Officials mum on Canada-U.S. border reopening as July 21 expiry date looms

Click to play video: 'COVID-19 resurgence could threaten Canada-U.S. border reopening'
COVID-19 resurgence could threaten Canada-U.S. border reopening
WATCH: COVID-19 resurge could threaten Canada-U.S. border reopening – Jul 14, 2021

Canadian government officials aren’t offering any hints on whether changes — if any — will be announced regarding the Canada-U.S. border next week.

Officials were asked about the issue at a news conference on Thursday, as the July 21 expiry date on travel restrictions between the two countries draws closer.

Dominic LeBlanc, minister of intergovernmental affairs, told reporters that Prime Minister Justin Trudeau will meet with first ministers and the country’s premiers later Thursday to talk about the border.

“We have said we’re prepared to take additional progressive steps over the coming weeks and months as it’s safe to do so … We’ll have more to say about specific measures over the coming days and weeks,” he said.

“We also said we understand very much Canadian’s desire to be able to travel again, to see family members, to resume some of the activities that were so important before COVID-19, that’s why we eased some measures in a balanced, thoughtful way on July 5.”

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Click to play video: '‘We’re not there yet’: Prime Minister on reopening of Canada-U.S. border and foreign visitor guidelines'
‘We’re not there yet’: Prime Minister on reopening of Canada-U.S. border and foreign visitor guidelines

On Wednesday, lawmakers in the U.S. Midwest formally requested that Washington and Ottawa take immediate action to reopen the border to fully vaccinated travellers.

That day, Marc Garneau, minister of foreign affairs, spoke with Antony Blinken, the U.S. secretary of state, and “agreed to continue working closely together and coordinate efforts on a safe and sustainable re-opening of the Canada–United States border,” a summary of the call said.

Read more: Reopen the Canada-U.S. border, Midwest lawmakers tell Ottawa

The border has been closed to all but essential travel and trade since March of last year to stop the spread of COVID-19.

The travel restrictions have been extended on a monthly basis for more than a year. Canada gradually began easing quarantine requirements July 5, but only for fully vaccinated citizens, permanent residents and other eligible travellers — though it does not apply to recreational travellers.

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But now COVID-19 cases are rising in the United States due to the Delta variant. The U.S. saw 31,845 new cases and 331 new deaths on Wednesday, according to a tally by Johns Hopkins University.

Dr. Howard Njoo, deputy chief public health officer of Canada, said officials are weighing several factors when considering how to safely reopen the border, including vaccination rates, disease spread, hospitalizations and deaths.

“The wild card … is the variants,” Njoo said.

“To date, many of them have shown to be more transmissible — but overall the evidence that we’ve seen to date show they haven’t really been more severe in terms of causing more severe outcomes overall compared to the original strain of COVID-19.”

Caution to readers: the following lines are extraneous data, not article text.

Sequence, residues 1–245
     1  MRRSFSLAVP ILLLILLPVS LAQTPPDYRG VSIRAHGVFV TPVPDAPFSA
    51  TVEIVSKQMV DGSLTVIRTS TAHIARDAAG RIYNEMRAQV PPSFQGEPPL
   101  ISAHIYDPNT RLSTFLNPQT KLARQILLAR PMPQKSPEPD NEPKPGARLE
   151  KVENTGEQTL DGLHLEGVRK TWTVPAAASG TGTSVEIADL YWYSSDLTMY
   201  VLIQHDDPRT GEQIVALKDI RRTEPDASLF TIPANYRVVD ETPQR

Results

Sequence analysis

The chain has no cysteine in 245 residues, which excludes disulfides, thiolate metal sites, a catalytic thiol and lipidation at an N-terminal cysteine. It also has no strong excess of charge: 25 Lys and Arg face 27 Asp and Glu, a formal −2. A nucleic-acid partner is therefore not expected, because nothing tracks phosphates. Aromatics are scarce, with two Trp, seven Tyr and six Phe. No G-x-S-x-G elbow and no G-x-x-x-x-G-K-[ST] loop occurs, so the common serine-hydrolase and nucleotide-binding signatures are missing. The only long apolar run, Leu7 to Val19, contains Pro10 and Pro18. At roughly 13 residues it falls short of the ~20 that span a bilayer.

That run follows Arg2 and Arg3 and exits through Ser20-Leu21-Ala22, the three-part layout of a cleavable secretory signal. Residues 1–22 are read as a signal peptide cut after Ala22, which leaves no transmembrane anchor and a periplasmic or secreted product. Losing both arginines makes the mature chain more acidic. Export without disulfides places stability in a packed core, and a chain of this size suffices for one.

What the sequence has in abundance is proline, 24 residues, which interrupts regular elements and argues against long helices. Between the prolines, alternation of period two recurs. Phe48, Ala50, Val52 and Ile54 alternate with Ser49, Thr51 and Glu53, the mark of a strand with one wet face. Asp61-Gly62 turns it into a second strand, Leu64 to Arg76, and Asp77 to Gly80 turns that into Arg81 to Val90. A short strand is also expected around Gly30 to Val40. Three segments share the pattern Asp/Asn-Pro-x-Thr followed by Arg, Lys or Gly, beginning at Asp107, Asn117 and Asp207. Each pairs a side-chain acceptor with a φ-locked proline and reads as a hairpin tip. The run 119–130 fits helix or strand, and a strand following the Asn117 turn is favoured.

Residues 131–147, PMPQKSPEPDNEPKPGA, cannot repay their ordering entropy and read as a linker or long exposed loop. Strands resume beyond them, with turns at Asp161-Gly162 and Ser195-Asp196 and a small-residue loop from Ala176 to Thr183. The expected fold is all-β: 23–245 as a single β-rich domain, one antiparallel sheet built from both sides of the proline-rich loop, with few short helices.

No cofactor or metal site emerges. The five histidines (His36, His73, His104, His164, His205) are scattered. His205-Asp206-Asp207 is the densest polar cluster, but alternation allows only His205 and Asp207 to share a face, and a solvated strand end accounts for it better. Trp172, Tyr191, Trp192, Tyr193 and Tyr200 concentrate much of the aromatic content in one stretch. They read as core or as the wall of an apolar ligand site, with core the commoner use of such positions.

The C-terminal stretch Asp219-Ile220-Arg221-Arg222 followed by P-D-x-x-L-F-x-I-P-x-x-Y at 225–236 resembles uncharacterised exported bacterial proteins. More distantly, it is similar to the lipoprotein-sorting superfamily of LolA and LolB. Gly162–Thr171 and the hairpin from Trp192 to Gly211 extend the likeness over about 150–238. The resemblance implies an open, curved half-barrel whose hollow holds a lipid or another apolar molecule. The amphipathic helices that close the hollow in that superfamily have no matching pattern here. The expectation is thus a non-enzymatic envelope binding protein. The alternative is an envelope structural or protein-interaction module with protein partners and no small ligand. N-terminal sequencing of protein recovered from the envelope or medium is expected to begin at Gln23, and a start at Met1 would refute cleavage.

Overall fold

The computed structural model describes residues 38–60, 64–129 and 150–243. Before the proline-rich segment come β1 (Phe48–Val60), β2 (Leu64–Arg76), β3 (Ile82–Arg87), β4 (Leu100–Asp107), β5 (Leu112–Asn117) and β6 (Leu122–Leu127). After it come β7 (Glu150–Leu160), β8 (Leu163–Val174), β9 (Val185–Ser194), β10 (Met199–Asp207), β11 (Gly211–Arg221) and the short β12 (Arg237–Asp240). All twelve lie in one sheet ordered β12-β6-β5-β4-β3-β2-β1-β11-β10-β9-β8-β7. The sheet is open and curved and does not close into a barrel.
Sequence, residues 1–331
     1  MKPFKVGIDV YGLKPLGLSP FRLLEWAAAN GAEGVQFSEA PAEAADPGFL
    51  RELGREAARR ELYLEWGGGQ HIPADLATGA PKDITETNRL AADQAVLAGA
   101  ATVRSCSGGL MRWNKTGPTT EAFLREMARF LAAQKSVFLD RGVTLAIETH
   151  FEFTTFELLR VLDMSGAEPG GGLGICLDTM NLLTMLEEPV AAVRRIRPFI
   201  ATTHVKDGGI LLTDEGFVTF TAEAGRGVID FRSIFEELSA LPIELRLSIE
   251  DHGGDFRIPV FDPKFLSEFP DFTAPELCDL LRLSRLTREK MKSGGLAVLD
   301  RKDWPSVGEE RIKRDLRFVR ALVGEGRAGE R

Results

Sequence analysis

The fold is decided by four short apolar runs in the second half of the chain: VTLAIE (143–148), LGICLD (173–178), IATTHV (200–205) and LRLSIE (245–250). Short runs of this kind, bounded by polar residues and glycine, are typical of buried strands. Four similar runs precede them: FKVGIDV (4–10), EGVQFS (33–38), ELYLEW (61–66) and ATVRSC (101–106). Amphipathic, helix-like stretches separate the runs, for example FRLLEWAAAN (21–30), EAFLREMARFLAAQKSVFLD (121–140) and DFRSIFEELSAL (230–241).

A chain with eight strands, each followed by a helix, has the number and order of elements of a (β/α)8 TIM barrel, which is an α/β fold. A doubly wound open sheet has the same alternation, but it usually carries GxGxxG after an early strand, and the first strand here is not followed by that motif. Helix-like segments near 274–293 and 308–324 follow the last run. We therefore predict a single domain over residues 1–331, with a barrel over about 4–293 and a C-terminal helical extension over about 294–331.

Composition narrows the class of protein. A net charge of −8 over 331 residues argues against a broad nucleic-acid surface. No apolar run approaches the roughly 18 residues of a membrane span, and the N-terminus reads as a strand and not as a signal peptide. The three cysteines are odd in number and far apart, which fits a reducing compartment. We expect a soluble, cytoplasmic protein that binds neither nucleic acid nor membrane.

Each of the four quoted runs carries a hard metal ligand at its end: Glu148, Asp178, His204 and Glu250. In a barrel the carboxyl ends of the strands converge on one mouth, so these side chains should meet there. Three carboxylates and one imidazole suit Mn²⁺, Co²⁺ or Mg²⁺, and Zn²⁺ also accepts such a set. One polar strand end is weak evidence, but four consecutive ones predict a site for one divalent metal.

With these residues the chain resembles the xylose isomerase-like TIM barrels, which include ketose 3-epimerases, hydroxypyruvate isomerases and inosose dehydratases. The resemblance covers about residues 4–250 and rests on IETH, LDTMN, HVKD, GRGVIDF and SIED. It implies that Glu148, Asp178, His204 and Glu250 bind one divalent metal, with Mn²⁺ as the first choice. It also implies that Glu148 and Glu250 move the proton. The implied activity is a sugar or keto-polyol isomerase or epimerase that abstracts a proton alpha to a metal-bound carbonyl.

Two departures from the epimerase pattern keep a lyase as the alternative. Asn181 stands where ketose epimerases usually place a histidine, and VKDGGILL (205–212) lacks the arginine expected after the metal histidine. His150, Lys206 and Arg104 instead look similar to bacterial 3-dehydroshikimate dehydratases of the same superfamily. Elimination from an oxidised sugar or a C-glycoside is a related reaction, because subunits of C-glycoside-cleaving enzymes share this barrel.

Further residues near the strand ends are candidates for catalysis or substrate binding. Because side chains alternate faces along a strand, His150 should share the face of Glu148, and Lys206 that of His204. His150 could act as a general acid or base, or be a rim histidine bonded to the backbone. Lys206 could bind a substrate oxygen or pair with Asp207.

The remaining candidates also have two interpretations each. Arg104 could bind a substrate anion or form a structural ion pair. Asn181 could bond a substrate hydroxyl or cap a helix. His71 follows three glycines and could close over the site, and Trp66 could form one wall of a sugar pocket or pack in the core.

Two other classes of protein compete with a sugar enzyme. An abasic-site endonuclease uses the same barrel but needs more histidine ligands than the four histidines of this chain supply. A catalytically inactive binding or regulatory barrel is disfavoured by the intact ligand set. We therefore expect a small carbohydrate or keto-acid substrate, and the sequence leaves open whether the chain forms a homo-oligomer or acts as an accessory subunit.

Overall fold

Njoo added officials are monitoring vaccine effectiveness, and are keeping an eye on COVID-19 resurgence in other countries that are easing restrictions, like England.

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Read more: Is England lifting COVID-19 measures too soon — and what can Canada learn?

Trudeau echoed some of Njoo’s sentiments in an unrelated press conference Thursday.

He said Canada will need to reach a certain standard of domestic vaccination before borders with the U.S. can reopen safely. In French, Trudeau acknowledged the meeting with premiers, where he said he intends to discuss this topic.

“People understand we’re still in a pandemic,” he said in French. “We have to continue with a gradual approach.”

Raywat Deonandan, an epidemiologist at the University of Ottawa, previously told Global the uptick in cases down south could have an impact on border restrictions.

The problem with the U.S., he said, is that every state is different when it comes to fighting COVID-19. For example, Mississippi has the lowest vaccination rate with 33.6 per cent of eligible people fully vaccinated, while Vermont has the highest inoculation rate with 67.4 per cent of eligible people fully vaccinated.

“It makes Canadian travel difficult with some states,” Deonandan said. “It is advisable for Canadians going to American states that have grown in the Delta variant in particular, to self-quarantine when they come back, seek out a negative test or to not go in the first place.”

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Click to play video: 'COVID-19: Canada’s new border rules leave out some fully vaccinated'
COVID-19: Canada’s new border rules leave out some fully vaccinated

In the meantime, Njoo said Canadians must continue to get vaccinated in order to put COVID-19 behind us.

“The vaccination rate among the Canadian population is a very important metric to follow because the more protected we are as an entire population, the more resilient we would be in terms of any potential importation of cases,” he said.

–With files from Katie Dangerfield and Saba Aziz.

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